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Lot
1739

1795 $10 9 Leaves--Mount Removed--NGC. XF Details....

2009 December Houston, TX US Coin Auction #1132

 
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Auction Ended On: Dec 4, 2009
Item Activity: 7 Internet/mail/phone bidders
5,139 page views
Location: George R. Brown Convention Center
1001 Avenida de las Americas
Houston, TX 77010
Description:
Significant 1795 9 Leaves Eagle, BD-3
R.6, XF Details, Perhaps 20 Known
1795 $10 9 Leaves--Mount Removed--NGC. XF Details. Breen-6831, Taraszka-3, BD-3, R.6. BD Obverse State d/Reverse State b. Only a single Nine Leaves reverse is known for the first-year 1795 gold eagles, and the subtype is accordingly in demand from variety specialists, type collectors, and those who pursue Guide Book varieties. Garrett and Guth had this to say (2006) concerning the issue:

"This is an extremely scarce variety that was once thought to be limited to a surviving population of fewer than a dozen pieces (Akers called this 'the rarest of all eagles'). However, publicity in recent years has brought more specimens to the market and now, between PCGS and NGC, more than 20 examples have been certified. There have been approximately 20 auction appearances of this variety in the past dozen years, with a PCGS AU-58 coin taking top honors at $184,000 in 2005. Several pieces have been certified at the MS-63 level, but Harry Bass's very choice example may be the best known. The Smithsonian does not have an example of this major variety."


The Bass-Dannreuther reference calls it "one of the most famous die varieties among all early gold coins--the king of the Small Eagle type." It also conflictingly claims that there are "20-22 pieces known" in the body text and "15 or so examples" in a footnote, but NGC and PCGS combined have certified 23 pieces in all grades, from which a few must be subtracted for likely duplication.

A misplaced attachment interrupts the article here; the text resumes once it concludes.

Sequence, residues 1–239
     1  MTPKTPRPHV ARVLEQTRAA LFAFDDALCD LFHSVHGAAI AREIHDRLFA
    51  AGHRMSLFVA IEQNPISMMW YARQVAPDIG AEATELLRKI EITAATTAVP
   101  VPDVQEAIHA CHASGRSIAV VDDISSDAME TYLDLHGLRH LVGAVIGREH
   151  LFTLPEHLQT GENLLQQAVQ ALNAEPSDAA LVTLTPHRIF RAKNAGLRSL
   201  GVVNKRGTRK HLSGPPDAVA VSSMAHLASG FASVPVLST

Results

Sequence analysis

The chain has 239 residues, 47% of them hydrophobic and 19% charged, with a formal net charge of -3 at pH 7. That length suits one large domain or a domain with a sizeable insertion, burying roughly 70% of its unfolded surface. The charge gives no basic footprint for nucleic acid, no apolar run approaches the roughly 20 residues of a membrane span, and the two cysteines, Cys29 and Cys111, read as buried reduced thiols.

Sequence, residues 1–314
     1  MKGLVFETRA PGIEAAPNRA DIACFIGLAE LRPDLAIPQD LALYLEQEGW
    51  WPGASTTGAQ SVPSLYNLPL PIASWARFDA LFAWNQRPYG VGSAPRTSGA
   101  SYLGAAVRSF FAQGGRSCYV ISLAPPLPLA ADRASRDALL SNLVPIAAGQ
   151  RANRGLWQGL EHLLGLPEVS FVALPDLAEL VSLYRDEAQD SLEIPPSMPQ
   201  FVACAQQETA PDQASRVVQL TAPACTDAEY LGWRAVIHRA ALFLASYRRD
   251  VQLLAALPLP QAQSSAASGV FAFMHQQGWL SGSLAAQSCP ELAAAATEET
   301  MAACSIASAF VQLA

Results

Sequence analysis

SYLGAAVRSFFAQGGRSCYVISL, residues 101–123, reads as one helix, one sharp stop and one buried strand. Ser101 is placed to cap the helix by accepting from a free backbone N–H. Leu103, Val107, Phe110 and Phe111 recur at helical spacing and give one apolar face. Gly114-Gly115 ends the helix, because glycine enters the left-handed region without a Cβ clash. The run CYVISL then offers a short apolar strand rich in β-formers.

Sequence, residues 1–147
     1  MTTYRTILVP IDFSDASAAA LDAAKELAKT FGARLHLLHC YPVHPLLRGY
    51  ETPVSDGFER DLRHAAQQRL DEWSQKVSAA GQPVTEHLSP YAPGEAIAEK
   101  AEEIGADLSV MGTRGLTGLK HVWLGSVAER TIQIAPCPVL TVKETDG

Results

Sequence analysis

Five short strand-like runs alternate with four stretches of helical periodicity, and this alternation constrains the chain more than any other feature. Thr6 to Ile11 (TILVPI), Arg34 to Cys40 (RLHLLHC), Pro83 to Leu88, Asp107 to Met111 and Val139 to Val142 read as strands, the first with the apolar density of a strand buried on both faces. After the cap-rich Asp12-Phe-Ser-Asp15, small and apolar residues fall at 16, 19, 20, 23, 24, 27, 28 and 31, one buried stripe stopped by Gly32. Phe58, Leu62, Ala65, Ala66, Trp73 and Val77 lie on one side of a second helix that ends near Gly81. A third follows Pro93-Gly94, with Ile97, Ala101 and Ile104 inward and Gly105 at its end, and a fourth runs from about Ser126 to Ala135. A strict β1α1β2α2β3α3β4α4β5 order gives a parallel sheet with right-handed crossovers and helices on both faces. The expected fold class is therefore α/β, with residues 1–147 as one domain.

This newly certified NGC specimen at XF40 is the lowest certified at either service, providing a nice entry point for a coin that otherwise would likely be out of reach for many collectors. This piece has seen modest circulation that has left scattered abrasions, mostly minor, on the surfaces of each side. A couple of longer (but shallow) scrapes on the obverse appear, one in the left field and one through the lower curls. The reverse is largely free of singular abrasions, displaying the prominent die lump beneath the second leaf, a lump above the first T in STATES, and a small crack beneath the first A in AMERICA that characterize the die state. Some crumbling of the denticles appears at the rim out from the right (facing) wing tip. There are no visible adjustment marks on either side. The mount removal appears to be on the rim at 3 o'clock, and would not be visible if it were not for the new-style holder. The original surfaces, despite minor problems, display immense appeal, with orange-gold color overall that deepens somewhat in the protected areas around the devices.
This is a coin whose importance and historic interest, as well as numismatic appeal, can hardly be overstated, and alert numismatists will certainly recognize it as such.(Registry values: P6)

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